I’m not entirely clear on what Dante means by gluttony. In describing what the Third Circle looks like, he tells us that

Grandine grossa, acqua tinta e neve
per l’aere tenebroso si riversa;
pute la terra che questo riceve.

“Heavy hailstones, filthy water, and snow
pour down through gloomy air.
The ground it falls on reeks.”

The Third Circle is guarded by Cerberus, a three-headed dog whom Dante goes ahead and makes even more monstrous by giving it clawed human hands and describing it in terms of a worm — il gran vermo. He rips each soul to shreds and howls continually — at least until Virgil picks up a lump of dirt from the ground and throws it at the beast. Then, Cerberus takes it down a notch as he eats and chokes on the lumps of earth.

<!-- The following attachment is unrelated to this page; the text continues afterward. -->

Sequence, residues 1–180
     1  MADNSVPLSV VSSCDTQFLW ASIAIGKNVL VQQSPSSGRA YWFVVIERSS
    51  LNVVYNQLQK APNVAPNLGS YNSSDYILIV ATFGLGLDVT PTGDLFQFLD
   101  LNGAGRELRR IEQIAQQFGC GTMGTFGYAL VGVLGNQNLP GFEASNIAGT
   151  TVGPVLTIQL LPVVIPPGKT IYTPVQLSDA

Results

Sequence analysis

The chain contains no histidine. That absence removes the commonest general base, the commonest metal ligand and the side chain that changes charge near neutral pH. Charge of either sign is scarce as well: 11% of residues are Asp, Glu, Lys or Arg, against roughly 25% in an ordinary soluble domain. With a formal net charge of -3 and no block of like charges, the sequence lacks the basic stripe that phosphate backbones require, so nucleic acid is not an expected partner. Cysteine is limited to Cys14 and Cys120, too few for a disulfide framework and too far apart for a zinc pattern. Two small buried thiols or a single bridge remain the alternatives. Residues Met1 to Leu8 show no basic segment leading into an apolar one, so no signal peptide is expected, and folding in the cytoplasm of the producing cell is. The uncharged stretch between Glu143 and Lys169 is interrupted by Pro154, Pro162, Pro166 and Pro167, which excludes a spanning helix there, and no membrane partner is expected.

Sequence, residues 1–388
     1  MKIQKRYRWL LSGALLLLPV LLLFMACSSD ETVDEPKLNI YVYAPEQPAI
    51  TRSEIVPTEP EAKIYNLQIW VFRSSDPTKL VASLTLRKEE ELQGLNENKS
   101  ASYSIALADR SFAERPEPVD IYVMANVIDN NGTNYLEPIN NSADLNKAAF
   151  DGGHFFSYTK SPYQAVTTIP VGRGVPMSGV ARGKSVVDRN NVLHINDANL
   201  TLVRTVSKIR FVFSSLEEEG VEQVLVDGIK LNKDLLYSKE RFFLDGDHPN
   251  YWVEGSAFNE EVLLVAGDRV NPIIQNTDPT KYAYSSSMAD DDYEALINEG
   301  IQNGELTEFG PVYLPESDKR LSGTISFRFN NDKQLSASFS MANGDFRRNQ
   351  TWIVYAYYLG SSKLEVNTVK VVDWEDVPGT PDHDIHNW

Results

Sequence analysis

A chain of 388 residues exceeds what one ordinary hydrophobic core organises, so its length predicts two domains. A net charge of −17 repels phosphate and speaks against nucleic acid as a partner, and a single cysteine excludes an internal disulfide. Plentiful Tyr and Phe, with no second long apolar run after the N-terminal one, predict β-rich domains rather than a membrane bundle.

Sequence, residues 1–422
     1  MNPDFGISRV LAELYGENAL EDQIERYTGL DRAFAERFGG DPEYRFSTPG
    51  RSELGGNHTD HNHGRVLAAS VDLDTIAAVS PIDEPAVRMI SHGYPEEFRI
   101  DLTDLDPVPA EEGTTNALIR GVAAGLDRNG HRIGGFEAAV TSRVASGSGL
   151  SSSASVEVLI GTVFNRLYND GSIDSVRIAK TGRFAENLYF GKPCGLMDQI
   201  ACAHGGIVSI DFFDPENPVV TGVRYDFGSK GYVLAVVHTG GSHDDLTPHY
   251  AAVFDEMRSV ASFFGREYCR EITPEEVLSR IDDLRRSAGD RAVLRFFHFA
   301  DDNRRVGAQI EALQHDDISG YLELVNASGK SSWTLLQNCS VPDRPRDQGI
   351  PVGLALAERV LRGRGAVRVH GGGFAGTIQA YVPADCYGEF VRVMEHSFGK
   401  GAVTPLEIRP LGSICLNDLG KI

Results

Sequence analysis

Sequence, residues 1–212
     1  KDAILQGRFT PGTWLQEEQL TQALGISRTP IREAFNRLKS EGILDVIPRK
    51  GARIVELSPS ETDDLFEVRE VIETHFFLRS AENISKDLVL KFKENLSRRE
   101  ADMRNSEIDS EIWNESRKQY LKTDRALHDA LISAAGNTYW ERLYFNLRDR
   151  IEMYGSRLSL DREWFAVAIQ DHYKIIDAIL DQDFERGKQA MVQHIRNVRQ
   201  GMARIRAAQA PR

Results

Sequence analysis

I don’t know. It’s poetry. Not all of it is supposed to make sense.

Making their way through the Third Circle, Dante and Virgil are stopped by a corpse that sits up and says, “Hey, ‘member me?” Dante doesn’t (L’angoscia che tu hai/forse ti tira fuor de la mia mente,/sì che non par ch’i’ ti vedessi mai; “The anguish you are suffering may be blotting you from memory: It doesn’t seem to me I’ve ever seen you.”). The corpse tells Dante that he was once a man named Ciacco, and lived in Florence at about the same time as Dante. He then goes on to explain

per la dannosa colpa de la gola,
come tu vedi, a la pioggia mi fiacco.

“For the pernicious sin of gluttony,
as you can see, I’m prostrate in this rain.”